Who works to get these two brothers to agree?  The Enterprise Architect does. 

    Through both SOA and BPM, we get exceptional value for the enterprise.  Understanding how they are related helps to build the common shared understanding that these two activities need to truly succeed.

  • Inside Architecture

    What are the requirements for enterprise event security?


    In a SOA, to be effective, we need to share both data and events.  Events, as I have discussed before, are the messages that applications send to the common infrastructure to inform subscribers that well-understood business events have occurred.  This includes things like "a sale was made" and "a product was shipped."  It may also include things like "an employee has ceased working for the company."

    The last example above, an employee quits or is fired, is interesting.  From the employee's standpoint, it may be a private event.  If they were fired, it may be quite embarrassing, not something they want broadcast.  On the other hand, from the viewpoint of the company, it could be of very high importance that the applications in IT be immediately notified of the employee's dismissal, so that all permissions can be revoked, and workflow processes involving that person can be redirected to another person or team to accomplish.

    Revocation of credentials: we've got Active Directory.   That one is fairly straight forward for a Microsoft-based IT team.

    Changing workflow: most folks screw this up.  I've seen my share of workflows.  It is rare, to say the least, to find a workflow system where the business told IT to prepare for the day when their employees would be fired.  Mature systems usually add the event handling somewhere... sometimes it is entirely manual, occasionally requiring a data support analyst to write a SQL Query to reassign tasks from one person to another. That's a mess.

    So clearly, we need to share the firing of an employee as a broadcast event in the IT infrastructure.  The question is this: do we secure it?

    The ramifications of placing security models in an EAI space are oddly different than similar situations in an application.  If an app knows that Joe can access Contoso's sales record but Mary cannot, then Mary doesn't see it. Pretty simple.  However, the app knows.  We, as developers, can still build in referential integrity around the fact that the sale was made.  By extension, if an event occurs in another system, this system may need to know about it, even if NONE of the users of this system need to be informed about it.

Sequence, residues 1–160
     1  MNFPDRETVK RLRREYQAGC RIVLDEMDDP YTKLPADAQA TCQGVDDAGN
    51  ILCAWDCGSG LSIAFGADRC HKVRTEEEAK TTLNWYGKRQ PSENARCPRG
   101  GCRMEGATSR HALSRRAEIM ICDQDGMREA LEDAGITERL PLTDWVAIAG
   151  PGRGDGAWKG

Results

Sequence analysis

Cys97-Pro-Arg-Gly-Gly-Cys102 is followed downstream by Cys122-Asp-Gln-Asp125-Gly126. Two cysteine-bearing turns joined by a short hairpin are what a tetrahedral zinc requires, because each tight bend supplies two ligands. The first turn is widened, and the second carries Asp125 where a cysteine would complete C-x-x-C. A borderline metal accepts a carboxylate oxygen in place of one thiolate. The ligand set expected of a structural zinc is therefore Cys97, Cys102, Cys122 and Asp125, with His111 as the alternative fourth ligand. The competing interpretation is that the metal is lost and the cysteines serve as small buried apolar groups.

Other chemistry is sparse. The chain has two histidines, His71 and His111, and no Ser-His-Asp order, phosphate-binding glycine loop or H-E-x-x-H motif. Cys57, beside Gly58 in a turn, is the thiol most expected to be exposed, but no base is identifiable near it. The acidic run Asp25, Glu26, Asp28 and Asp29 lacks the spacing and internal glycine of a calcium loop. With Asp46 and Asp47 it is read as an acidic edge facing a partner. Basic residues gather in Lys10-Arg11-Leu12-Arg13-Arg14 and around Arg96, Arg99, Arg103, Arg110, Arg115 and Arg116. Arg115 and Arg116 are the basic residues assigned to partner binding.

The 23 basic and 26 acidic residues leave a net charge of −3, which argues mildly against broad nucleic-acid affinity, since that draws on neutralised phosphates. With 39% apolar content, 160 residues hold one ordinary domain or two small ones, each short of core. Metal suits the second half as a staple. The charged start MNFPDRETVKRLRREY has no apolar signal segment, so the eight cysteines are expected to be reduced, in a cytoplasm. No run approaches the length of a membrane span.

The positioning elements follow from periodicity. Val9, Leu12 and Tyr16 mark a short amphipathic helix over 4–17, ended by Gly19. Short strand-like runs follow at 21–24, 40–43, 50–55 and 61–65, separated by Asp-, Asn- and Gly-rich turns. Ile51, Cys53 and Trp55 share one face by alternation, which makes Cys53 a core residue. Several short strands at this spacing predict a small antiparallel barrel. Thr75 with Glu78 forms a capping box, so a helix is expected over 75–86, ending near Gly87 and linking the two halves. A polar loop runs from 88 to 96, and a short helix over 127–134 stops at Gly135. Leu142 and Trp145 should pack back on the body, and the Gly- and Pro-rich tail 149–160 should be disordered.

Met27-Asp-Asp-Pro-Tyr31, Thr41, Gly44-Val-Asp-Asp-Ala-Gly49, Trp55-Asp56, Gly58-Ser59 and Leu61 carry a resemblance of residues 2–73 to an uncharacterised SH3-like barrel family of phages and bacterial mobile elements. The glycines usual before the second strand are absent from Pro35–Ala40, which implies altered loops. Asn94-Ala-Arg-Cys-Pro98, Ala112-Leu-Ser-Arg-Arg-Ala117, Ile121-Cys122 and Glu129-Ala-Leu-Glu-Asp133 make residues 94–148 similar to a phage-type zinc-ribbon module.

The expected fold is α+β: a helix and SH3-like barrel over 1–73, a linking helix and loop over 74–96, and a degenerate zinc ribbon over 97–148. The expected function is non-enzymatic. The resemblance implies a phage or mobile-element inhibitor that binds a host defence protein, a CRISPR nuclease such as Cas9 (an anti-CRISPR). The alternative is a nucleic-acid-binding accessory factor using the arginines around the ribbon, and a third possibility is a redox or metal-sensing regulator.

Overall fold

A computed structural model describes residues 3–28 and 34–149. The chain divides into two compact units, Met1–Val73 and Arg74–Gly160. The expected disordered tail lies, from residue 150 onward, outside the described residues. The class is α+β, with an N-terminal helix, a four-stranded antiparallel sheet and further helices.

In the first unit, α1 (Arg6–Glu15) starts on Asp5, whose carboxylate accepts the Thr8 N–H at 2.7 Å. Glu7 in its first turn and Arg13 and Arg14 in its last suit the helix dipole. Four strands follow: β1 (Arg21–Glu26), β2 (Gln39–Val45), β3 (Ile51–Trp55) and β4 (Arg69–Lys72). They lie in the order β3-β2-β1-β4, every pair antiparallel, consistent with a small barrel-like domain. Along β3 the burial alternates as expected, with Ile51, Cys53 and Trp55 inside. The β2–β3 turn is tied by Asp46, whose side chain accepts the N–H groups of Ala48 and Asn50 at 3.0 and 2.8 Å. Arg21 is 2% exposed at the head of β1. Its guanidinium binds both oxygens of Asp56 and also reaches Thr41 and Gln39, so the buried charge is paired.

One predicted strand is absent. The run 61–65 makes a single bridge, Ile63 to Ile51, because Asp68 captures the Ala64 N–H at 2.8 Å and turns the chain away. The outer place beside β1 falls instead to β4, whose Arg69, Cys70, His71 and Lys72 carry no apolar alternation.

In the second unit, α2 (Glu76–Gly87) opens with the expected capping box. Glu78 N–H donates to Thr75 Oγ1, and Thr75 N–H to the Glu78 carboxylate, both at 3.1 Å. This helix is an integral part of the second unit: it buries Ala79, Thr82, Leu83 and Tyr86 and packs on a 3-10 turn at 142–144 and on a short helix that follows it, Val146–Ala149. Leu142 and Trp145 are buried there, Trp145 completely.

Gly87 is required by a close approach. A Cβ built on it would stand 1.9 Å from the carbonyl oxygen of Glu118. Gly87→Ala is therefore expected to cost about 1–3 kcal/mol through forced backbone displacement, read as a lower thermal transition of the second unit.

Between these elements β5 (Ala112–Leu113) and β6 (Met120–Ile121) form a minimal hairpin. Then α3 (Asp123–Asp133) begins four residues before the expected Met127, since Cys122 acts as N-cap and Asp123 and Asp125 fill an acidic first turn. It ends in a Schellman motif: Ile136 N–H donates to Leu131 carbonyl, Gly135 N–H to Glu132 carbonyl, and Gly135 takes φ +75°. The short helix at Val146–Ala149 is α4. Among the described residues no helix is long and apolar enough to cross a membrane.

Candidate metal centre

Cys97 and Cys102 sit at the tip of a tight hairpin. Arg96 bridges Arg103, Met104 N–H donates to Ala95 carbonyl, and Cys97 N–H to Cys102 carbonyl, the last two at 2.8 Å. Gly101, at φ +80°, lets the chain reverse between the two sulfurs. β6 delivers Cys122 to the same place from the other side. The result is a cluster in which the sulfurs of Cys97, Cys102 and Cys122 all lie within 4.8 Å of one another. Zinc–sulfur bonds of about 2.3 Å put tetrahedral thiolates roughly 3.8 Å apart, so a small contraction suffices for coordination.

It may sound striking, but when you look at it, it makes sense.  Applications have their own identitiy, and their own security.  They are full actors in the system.  An app can see an event.  In fact, I would say that all apps that support the enterprise security model should be allowed to subscribe to ANY event. 

    Of course, I said the key words: apps that support the enterprise security model.  What does that mean?  That means that there is a way for an event to either carry security in the event message or in the subscription process, so that the apps that subscribe to the event respect the right of the enterprise to control who, among the human population, can see the event.  It's a little like saying that the app has signed the corporate NDA and will respect the wishes of the company to keep some data secure, even from its own users.

    In other words, it is OK to allow our apps to see things that we, as human users, cannot see.  Certainly, the support analysts will need the right to investigate exceptions and find data errors.  Other than exception handling and auditing, it is entirely reasonable to restrict events to be viewed by the app, but none of the users of the app.

    So, how do we correctly share and manage event security?  That is the question I'd like to answer.

    If you know of a good answer, please drop me a link.  I'm investigating two avenues:

    1. Including the security policy in the event message itself, and/or
    2. Including the security policy in the subscription, so that the subscriber has a consistent policy to follow for all events.

    If you know of a good answer to this question, please share it.